Wednesday, September 21, 2016

Moriah: Cover Reveal & Pre-order

Moriah: A Novel. By Daniel Mills
ChiZine Publications, 2017. Cover art by Erik Mohr.
Release date: March 14, 2017.

Silas Flood is a broken man in a broken country. Nine years have passed since the end of the American Civil War and Flood is helpless to escape its shadow.

In the summer of 1874, he is dispatched to the mountain village of Moriah, Vermont to investigate sensational claims of supernatural happenings. There the brothers Thaddeus and Ambrose Lynch are said to converse with spirits and summon the dead.

As Flood investigates the true nature of these phenomena he must first come to terms with his own past and with the hold it has upon him—before he can behold the mysteries of the other side.

Links: Amazon, Goodreads

Friday, July 22, 2016

The Account of David Stonehouse, Exile

I am pleased to confirm that copies of limited edition chapbook "The Account of David Stonehouse, Exile" are still available from Dim Shores

"David Stonehouse" is a long novella of 31,000 words: a found document of indeterminate providence, a tale of grief and repression, an unconventional ghost story and meditation on loneliness and exile, the spirit and the flesh.

The chapbook itself is beautiful, featuring stunning cover and interior artwork courtesy of the talented Steve G Santiago. Dim Shores have truly outdone themselves here, and I could not be more pleased or proud of the final product.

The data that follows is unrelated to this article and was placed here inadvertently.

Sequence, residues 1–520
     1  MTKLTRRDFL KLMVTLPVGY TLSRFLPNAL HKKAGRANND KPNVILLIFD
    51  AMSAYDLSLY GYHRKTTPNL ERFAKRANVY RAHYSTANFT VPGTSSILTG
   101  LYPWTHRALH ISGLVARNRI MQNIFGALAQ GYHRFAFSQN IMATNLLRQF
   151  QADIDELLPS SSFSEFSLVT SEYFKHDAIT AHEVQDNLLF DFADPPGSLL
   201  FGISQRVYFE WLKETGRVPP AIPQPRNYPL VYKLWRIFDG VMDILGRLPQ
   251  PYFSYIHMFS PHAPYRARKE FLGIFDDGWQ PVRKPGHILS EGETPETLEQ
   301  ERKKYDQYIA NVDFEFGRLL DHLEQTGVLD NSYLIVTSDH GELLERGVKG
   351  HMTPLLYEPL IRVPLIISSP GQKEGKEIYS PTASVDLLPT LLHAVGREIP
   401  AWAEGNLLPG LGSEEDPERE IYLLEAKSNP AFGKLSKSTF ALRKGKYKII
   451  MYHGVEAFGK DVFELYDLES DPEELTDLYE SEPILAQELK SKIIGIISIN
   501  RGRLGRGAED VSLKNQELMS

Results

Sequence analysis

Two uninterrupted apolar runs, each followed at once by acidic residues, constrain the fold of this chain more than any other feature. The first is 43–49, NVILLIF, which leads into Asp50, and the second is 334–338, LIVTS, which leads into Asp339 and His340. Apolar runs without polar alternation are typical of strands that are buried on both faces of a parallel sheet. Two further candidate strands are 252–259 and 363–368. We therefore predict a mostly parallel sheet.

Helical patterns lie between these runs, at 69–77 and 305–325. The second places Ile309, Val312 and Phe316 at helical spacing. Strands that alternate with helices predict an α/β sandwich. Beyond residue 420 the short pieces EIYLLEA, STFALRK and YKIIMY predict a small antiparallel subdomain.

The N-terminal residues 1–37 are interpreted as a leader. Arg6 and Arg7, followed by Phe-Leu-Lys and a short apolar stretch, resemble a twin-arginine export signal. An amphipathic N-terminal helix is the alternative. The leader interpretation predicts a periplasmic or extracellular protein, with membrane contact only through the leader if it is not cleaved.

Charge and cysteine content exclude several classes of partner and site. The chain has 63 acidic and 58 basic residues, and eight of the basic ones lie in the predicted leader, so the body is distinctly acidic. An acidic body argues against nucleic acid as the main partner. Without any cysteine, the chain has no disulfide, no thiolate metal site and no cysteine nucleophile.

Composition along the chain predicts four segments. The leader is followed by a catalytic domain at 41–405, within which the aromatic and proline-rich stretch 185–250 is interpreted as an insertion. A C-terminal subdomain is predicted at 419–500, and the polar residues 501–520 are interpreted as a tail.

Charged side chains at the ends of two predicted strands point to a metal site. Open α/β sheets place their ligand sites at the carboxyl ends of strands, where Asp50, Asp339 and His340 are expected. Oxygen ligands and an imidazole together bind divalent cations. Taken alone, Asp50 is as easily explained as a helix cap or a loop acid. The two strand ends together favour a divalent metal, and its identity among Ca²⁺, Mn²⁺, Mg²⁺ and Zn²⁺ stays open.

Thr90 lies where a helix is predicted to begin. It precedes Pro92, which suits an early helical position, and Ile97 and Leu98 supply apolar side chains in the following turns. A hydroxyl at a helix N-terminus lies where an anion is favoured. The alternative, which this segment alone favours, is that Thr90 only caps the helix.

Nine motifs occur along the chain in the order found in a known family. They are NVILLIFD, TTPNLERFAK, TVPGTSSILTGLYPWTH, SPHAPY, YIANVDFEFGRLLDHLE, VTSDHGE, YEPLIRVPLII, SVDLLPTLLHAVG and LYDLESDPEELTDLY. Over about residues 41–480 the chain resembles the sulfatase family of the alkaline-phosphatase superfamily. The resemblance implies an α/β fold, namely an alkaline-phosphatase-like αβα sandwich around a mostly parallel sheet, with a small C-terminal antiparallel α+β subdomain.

Note that this is a limited edition and as such is almost certain to sell out. At last count there were less than 20 copies remaining so if the novella is of interest to you I might recommend ordering soon. 

You can purchase the novella direct from the publisher here – or if you’re “local” as the League of Gentlemen might say – pick one up at Bear Pond Books in Montpelier.

And in other news...

I was recently interviewed by Jonathan Raab at Muzzleland Press as part of their new “Faithful Frighteners” series. FF has to be one of the more interesting series of its kind and I had a great time talking doom, gloom, and redemption. Other interviewees to date have included authors Scott R Jones (Martian Migraine Press) and Tom Breen (Orford Parish Books) as well as Leeman Kessler of Ask Lovecraft fame. Check it out here.

And going back to March – so long ago now I suppose it scarcely qualifies as “news” – I was also featured as a guest on new horror podcast The Horror of Nachos & Hamantaschen with authors JR Hamantaschen (You Shall Never Know Security) and Derek Sotak (Recipes from the Nachonomicon). N&H offers a decidedly irreverent approach to the horror genre and the co-hosts' rapport with one another is delightful. You can listen to “Vermont's Favorite Son” here.

Saturday, April 16, 2016

Numbers of the bEast